From University of North Carolina at Chapel Hill
UNC researchers awarded $2.25 million to study link between arthritis, emotions CHAPEL HILL - The National Institute of Mental Health has awarded a five-year, $2.25 million grant to University of North Carolina at Chapel Hill researchers who are studying links among osteoarthritis and anxiety and depression. What they find might help reduce the pain, loss of independence and reduced quality of life the bone and joint ailment often causes.
Osteoarthritis, the most common form of arthritis, afflicts almost a million North Carolinians, more than 21 million people nationally and many adults over age 65, research shows.
Faculty members in UNC’s schools of public health and medicine and department of psychology will conduct an investigation to learn about predictors and consequences of such links, which recent studies have shown to be more common and harmful than previously thought, said principal investigator Dr. Brenda M. DeVellis.
"Failure to consider the co-occurrence of either anxiety or depression with a medical illness like osteoarthritis can compromise diagnosis and treatment of patients as well as the health of the overall public,” said DeVellis, professor of health behavior and health education as well as psychology.
Collaborating with her will be co-principal investigator Dr. Joanne Jordan, associate professor of medicine and epidemiology, and Dr. Robert DeVellis, research professor of health behavior and health education and of psychology. All are members of UNC’s Thurston Arthritis Research Center.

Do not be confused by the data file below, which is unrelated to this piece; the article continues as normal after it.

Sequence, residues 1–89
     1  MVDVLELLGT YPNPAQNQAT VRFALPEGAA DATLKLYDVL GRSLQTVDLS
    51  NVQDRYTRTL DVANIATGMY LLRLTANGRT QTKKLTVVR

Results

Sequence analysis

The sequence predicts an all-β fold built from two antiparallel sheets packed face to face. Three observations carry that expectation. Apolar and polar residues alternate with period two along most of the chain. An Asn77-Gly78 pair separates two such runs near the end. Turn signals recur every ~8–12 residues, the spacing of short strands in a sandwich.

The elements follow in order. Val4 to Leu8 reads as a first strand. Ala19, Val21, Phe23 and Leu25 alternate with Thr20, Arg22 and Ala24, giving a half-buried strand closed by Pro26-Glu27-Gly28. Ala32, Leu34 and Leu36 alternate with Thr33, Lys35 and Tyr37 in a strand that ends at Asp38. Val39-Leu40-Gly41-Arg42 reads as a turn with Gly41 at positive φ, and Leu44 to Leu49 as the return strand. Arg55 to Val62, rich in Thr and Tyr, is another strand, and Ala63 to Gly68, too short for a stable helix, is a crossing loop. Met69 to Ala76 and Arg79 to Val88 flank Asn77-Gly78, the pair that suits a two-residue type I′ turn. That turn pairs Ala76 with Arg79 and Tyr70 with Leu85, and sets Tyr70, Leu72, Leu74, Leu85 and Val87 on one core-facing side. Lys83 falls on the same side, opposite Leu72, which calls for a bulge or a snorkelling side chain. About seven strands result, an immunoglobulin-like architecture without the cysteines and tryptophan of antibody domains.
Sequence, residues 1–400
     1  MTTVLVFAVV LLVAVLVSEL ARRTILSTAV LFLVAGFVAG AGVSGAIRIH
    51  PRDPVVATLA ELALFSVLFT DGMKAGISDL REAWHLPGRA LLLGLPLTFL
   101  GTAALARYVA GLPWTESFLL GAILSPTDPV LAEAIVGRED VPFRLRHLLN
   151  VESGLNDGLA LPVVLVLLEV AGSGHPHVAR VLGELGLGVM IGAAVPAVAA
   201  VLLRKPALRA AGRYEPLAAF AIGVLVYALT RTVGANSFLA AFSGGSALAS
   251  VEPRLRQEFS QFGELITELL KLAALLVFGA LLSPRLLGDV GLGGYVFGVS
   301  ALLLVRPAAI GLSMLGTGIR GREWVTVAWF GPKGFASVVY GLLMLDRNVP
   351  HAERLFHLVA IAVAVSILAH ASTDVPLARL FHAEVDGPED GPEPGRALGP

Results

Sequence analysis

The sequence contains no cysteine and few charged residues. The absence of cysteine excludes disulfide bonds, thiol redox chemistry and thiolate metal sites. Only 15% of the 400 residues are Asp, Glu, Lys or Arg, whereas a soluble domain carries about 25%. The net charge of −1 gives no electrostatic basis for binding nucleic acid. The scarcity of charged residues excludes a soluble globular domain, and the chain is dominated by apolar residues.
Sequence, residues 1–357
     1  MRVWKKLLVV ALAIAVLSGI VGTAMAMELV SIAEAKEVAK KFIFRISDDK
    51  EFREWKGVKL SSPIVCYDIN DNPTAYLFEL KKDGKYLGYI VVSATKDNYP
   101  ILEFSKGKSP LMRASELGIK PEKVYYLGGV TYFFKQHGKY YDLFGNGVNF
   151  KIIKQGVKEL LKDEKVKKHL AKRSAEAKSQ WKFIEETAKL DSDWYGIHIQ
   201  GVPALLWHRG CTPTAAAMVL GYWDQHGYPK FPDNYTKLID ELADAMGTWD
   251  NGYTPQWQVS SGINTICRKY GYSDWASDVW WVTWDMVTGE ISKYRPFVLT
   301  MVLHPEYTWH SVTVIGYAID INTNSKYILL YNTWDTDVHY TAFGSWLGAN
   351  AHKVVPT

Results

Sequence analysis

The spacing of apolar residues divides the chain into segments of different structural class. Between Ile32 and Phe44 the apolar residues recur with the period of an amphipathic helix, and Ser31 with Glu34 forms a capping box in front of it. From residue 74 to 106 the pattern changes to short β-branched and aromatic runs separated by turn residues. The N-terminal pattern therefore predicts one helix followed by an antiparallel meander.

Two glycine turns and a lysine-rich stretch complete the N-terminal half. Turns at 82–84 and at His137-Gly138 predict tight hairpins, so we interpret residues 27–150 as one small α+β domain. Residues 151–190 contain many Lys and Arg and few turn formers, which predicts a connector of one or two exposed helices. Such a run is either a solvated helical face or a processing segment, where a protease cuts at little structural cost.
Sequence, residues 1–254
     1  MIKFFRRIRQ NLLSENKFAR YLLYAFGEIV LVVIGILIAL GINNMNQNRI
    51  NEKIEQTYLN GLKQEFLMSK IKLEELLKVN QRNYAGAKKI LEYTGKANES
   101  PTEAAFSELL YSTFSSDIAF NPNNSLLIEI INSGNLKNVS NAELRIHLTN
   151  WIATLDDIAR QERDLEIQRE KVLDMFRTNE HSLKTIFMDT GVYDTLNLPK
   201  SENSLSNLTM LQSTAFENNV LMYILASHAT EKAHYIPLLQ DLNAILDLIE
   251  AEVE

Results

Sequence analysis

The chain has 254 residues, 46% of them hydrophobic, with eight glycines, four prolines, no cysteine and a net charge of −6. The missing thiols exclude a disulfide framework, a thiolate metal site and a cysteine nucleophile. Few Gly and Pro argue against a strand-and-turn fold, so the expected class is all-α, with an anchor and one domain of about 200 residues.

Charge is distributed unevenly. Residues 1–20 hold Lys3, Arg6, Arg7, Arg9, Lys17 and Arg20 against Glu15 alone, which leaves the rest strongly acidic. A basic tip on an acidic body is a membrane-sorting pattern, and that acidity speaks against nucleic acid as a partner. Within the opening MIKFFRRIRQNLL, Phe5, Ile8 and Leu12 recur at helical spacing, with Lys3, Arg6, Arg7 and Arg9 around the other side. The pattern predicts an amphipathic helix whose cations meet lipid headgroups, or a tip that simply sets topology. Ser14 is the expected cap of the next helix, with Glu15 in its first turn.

Along with university colleagues, the three will draw on two previous waves of data collected as part of Jordan’s continuing, Centers for Disease Control and Prevention and National Institutes of Health-funded Johnston County Osteoarthritis Project. That research is the first and largest study ever done of arthritis in U.S. black and white rural communities. They also will conduct extensive new interviews with study participants at two different times.
A major goal will be to examine the relationship between osteoarthritis and the emotions and coping strategies of people with the ailment, Brenda DeVellis said. Researchers hope to identify participants with depression or anxiety or both and identify factors that increase or protect against distressing emotional responses to osteoarthritis and learn how they affect people’s health.
"Our past work has shown that depression has made people with osteoarthritis in their knees, for example, feel more pain than others and be more likely to become disabled,” Jordan said. "Now, we’ll look more at how arthritis affects people as a whole. We want those who participate in our work to know that we understand depression and anxiety are real, not just something they have imagined and that these emotions affect everyone to varying degrees, not just them.”
Most previous comparable studies have depended on groups of patients visiting clinics for treatment of arthritis or other illnesses such as gastrointestinal or heart disorders, DeVellis said. Besides being very large, the new study will have the advantage of assessing residents of rural communities who aren’t necessarily visiting health-care providers.
"In some ways, we believe this study could become the gold standard for understanding what osteoarthritis means, especially to older Americans,” DeVellis said. "The bottom line is that we’re trying to identify things that can help us help folks with the health problems they’re having. It may be that some people have adopted useful coping strategies we can identify and eventually share with millions of other Americans."
Others involved in the new study include Dr. Shannon Currey, associate director of the numerical sciences core at UNC’s Thurston Arthritis Center, Dr. Abigail Panter, associate professor of psychology, and public health graduate students Katherine Vatalaro and Dr. Mahyar Mofidi.
Note: Dr. Brenda DeVellis can be reached at (919) 966-3908, Dr. Joanne Jordan at 966-0559 and Dr. Robert DeVellis at 966-0557.
School of Public Health Contact: Lisa Katz, 966-7467